Technology journalist Mat Honan was hacked by an unknown attacker who managed to access his Twitter account even delete all the data on his iPhone, iPad and Mac. What lessons can be learnt and how can you avoid a similar fate?
Passwords are the key to your online world so make sure they are strong. Strong passwords should include:
Just as you wouldn’t want one key for your house and car, you should use a different password on each website. This may seem like a daunting task, especially memorizing them. In fact this can be relatively easy. Each site doesn’t necessarily need a completely different password; even one character different is the equivalent to a completely new password. You could therefore make up a rule, for example, that you will take the first letter of the website name and use that as the first letter of the password.
With two-factor authentication, security depends on two different things. A good example is chip and pin machines. You can’t use your credit card without your pin number. This same principle is used online with your password acting as the first factor, and something else , usually your mobile phone acting as the second. For example Paypal can send you a text message, containing a code, which is then entered along with your password to allow access to your account.
Although two-factor authentication is very secure it does have a few practical disadvantages. What happens if you don’t have or loose your phone? Also, two-factor authentication isn’t currently available for many online services, but you should always use it when possible.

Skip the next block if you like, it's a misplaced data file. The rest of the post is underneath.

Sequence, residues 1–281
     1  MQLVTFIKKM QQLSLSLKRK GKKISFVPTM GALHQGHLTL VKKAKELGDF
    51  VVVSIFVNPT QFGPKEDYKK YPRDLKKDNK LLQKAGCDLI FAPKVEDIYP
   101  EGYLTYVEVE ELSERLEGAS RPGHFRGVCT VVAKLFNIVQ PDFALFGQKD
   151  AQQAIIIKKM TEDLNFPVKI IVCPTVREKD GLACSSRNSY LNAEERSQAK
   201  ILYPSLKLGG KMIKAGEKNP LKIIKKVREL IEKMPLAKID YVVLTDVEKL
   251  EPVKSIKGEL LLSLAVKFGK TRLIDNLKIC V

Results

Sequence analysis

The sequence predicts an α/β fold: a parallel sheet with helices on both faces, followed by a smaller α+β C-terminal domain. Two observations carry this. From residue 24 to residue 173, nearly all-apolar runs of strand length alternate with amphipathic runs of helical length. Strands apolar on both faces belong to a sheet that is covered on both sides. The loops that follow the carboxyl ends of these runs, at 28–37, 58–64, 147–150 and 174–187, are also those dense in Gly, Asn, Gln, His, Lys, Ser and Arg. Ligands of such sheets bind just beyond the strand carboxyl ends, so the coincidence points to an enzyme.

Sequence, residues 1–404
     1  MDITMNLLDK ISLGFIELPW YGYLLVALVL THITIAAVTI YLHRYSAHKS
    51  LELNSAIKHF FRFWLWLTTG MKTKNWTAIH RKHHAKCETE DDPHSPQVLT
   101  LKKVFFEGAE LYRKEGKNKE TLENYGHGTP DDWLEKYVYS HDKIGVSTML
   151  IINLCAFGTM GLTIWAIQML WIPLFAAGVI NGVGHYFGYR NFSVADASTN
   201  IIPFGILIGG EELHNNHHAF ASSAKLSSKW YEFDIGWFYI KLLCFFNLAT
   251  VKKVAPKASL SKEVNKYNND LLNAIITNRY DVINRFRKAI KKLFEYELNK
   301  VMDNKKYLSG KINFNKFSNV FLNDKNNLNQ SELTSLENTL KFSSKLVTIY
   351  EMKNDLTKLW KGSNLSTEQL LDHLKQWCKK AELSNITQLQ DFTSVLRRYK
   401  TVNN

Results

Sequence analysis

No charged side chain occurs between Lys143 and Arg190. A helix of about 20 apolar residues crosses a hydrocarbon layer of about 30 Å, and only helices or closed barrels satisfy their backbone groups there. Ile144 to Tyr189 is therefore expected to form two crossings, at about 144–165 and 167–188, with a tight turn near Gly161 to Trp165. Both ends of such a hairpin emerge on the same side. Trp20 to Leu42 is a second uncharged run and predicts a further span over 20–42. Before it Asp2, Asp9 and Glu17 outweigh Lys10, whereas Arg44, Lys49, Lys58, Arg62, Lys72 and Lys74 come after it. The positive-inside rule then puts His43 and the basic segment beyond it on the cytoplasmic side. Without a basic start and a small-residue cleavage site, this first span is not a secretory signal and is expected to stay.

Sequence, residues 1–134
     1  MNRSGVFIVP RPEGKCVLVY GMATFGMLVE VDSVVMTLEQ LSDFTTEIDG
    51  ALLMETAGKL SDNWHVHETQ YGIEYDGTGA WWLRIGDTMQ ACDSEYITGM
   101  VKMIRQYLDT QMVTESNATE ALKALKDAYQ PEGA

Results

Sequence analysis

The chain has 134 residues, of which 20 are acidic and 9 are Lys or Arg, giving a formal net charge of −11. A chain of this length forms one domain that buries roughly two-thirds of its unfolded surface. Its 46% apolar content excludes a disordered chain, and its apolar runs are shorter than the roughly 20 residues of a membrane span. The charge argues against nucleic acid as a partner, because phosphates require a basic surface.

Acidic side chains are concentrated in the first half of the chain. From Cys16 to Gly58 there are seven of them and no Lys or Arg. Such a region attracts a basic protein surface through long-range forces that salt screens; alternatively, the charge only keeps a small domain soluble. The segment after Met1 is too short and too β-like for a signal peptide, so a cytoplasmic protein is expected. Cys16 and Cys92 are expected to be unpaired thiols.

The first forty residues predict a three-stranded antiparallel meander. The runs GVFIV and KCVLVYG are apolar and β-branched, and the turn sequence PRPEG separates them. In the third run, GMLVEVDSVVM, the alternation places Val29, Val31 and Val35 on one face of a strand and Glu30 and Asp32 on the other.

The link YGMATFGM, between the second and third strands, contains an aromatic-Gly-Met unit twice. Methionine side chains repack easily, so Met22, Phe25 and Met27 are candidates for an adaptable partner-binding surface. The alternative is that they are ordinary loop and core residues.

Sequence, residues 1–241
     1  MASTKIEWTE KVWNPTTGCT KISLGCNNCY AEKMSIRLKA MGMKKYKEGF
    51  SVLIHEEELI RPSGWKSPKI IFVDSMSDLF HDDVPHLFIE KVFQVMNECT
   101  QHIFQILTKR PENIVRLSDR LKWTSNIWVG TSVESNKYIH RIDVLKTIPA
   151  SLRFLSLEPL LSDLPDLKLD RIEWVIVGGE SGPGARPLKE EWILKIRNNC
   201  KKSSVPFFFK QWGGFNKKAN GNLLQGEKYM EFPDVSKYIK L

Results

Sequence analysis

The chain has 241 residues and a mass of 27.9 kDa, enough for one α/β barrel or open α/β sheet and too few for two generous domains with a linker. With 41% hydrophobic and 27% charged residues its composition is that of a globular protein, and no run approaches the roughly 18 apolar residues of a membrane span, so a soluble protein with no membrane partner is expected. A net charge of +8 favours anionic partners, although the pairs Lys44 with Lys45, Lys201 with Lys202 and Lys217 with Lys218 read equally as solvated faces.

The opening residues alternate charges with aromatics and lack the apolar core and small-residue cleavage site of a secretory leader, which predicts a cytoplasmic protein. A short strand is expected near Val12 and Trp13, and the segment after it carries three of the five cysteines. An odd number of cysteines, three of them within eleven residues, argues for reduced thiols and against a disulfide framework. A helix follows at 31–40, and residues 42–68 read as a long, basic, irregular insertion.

This may seem very obvious, but it is amazing how much personal information we leave online about ourselves. Take a look at your privacy settings on your social networking sites to help avoid giving hackers any information that could potentially be useful. For example, if you own a domain name, all your personal information is publicly available by default on WHOIS. This can be made private (for most extensions), either free or for a small charge to mask your details.
With access to your email account a hacker could reset your password to all your online services. It is therefore essential to protect your email account with the highest level of security available. Setup security questions and make sure you use an encrypted connection (https). Also, provide a mobile number to be used should you forget your password and also setup security questions.
All of these ways to avoid being hacked are irrelevant if a virus infects your computer. It could send the creator your email address and password. It is therefore essential to have a good anti virus software installed on your computer.
Don’t rely on online copies of your data, especially free services. For example, Flickr and Dropbox might be great but they won’t care if they loose your data so make sure you have an external local backup. Also, use services that allow remote wipes very very carefully (eg Find my Mac). What happens if this backfires?